One of the worst things that happened during this most recent Presidential Election in 2016 was the constant re-posting of offensive, untruthful, politically charged, and controversial information on social media. It was a bombardment of negativity and ignorance on a level I’ve never seen before. People were sharing things that had clear signs within the articles the information was fake, things that were so ridiculous they couldn’t possibly be real, and stuff that was rejected by every major news and fact checking organization in the country.
Unfortunately, now we are hearing about all of the same things happening in other countries. Facebook and Twitter are making an effort, but how much of the problem is their fault? Certainly they hold some blame, they gave malicious people from various countries, including our own, unimpeded access and ability to share mass amounts of fake information. But isn’t some of the blame ours as well?
I’m not one of the people who believe social media is evil. Social media, like everything, can be used for both good and evil. However, a lot of the fake stuff I saw on my feed was shared by friends and family of Christian faith. This is a problem for me.
A lot of why fake information was shared by Christians is because of politics, and I’ve already talked about that here and here. I’m not going to talk about that more at this time, but I do want to talk about what a Christian’s responsibility is when they go on social media.
Although you are anonymous a lot of the time on social media, there is usually a breadcrumb left behind that can be followed to some personal information about you. I’m not suggesting that you are in danger, only that when you post something, the readers of that post often have more information about who you are than you might realize when you are sharing, replying, tweeting, etc.
First, your history on those apps is freely available assuming they have permission to view. Second, your proud reference to God or your Christianity is often in your profiles. Third, your account name can sometimes imply your Christian faith, like @ManOfGod, or @SavedFromSin, etc.
Whenever your faith can be connected to your social media posts and words, you have a responsibility to refrain from making all of us look bad. I would hope that as Christian men and women, you’d all behave as a Christian no matter what you are doing, but we know that doesn’t always happen. Just wait for my inevitable post on road rage (I am such a failure at being a Christian while driving). We have the responsibility to Jesus, and to our entire faith to not make people think worse of us. There is a real image problem we have with unbelievers, and they shouldn’t have any support for it, but they do.
As I’ve said before, I didn’t grow up with Christians. Most of my experiences with them have been negative, not positive. If it wasn’t for Jesus specifically speaking to my core in the bible, the strong pull toward Jesus in my heart, and the strong Christian women now part of my family, and my current church; I wouldn’t want anything to do with the church or it’s people. But why is that?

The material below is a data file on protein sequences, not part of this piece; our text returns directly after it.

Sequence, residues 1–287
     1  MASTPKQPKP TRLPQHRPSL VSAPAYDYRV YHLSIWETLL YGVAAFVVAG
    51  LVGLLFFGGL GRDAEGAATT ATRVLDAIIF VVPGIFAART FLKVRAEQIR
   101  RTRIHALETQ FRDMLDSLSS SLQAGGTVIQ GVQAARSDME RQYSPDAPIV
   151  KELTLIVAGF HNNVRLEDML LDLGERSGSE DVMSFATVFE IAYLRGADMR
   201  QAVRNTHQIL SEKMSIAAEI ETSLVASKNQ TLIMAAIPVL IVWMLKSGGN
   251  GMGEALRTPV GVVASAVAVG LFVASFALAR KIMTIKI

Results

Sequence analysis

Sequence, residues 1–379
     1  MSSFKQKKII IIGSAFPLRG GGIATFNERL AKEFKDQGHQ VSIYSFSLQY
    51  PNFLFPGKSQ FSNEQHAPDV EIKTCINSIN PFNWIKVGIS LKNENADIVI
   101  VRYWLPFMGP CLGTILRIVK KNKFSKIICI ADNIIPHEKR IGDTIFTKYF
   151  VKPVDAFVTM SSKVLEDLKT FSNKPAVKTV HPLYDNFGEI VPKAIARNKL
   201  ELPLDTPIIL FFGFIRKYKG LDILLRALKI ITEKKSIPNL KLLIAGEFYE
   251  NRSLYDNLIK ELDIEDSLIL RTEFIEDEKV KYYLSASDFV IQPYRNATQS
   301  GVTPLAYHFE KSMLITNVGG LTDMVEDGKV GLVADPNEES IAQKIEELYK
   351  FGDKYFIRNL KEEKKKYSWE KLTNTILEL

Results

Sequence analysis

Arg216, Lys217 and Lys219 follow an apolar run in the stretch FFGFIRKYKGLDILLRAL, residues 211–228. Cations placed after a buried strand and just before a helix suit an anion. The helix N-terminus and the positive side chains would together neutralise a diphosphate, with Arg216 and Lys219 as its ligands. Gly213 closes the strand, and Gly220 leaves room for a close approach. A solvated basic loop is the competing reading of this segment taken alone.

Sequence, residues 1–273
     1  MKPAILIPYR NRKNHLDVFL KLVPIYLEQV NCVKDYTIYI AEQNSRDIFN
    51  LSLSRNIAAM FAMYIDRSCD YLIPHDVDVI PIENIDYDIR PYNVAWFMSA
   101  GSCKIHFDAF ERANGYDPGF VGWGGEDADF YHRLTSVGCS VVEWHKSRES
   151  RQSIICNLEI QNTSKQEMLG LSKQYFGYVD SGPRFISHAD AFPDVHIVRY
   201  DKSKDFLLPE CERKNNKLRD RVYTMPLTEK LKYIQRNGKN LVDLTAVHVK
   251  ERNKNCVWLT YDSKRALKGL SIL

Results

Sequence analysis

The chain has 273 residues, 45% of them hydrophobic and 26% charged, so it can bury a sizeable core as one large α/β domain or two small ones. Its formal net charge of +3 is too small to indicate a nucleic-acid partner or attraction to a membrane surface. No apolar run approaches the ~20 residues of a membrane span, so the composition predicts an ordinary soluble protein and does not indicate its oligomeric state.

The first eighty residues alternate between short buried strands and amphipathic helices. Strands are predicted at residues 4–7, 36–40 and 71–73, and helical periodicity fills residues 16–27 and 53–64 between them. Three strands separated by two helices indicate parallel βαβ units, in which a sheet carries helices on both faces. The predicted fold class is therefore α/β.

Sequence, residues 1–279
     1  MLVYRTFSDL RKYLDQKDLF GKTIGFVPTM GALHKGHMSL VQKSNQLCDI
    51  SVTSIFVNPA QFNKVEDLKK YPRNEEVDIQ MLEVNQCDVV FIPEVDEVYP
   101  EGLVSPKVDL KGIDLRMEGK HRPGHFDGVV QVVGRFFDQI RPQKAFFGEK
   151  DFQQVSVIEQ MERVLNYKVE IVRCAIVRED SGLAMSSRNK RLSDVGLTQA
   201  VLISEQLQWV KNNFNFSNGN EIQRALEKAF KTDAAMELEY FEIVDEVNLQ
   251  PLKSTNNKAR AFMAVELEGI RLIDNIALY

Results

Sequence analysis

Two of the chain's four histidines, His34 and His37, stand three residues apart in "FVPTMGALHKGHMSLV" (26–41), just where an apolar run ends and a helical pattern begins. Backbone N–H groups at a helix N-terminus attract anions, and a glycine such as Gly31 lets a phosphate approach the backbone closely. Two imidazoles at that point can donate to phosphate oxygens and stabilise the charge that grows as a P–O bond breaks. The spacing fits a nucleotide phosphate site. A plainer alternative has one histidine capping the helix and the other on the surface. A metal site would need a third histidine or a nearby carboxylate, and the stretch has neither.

Part of it is because of the image issue, I don’t want to be associated with the “crazy” part of Christianity. The over-aggressive, over-judgmental, paranoid, fearful, and sometimes hateful members of our community. The other part is my trust problem. When a group of like-minded individuals get together, it usually results in closed-minded ideas and actions. We as Christians aren’t known for our open-mindedness, and not being open to some of our ideas being wrong is part of the problem. We expect others to be open-minded about our message, but we don’t want to listen to their ideas and thoughts.
I don’t claim to know exactly how every non-believer feels, and clearly because of my faith, I’m very different. However, I am an outsider of sorts, and being an outsider gives me a perspective other Christians you know may not have.
The negativity we share on social media has a significant impact on our image. When you post hateful, untruthful, rude, angry, judgmental, or aggressive messages on social media, you do it on behalf of the entire Christian community and Jesus. I know a popular thing to ask is “What would Jesus say?” and “What would Jesus do?”
I think the better question is “How would Jesus react if you said or did that to him?” I don’t have a lot of biblical verses that can relate to social media, but I can give you a favorite of mine that speaks to this.
“When the Son of Man comes in his glory, and all the angels with him, he will sit on his glorious throne. All the nations will be gathered before him, and he will separate the people one from another as a shepherd separates the sheep from the goats. He will put the sheep on his right and the goats on his left.
“Then the King will say to those on his right, ‘Come, you who are blessed by my Father; take your inheritance, the kingdom prepared for you since the creation of the world. For I was hungry and you gave me something to eat, I was thirsty and you gave me something to drink, I was a stranger and you invited me in, I needed clothes and you clothed me, I was sick and you looked after me, I was in prison and you came to visit me.’
“Then the righteous will answer him, ‘Lord, when did we see you hungry and feed you, or thirsty and give you something to drink? When did we see you a stranger and invite you in, or needing clothes and clothe you? When did we see you sick or in prison and go to visit you?’
“The King will reply, ‘Truly I tell you, whatever you did for one of the least of these brothers and sisters of mine, you did for me.’ (Matthew 25:31-40)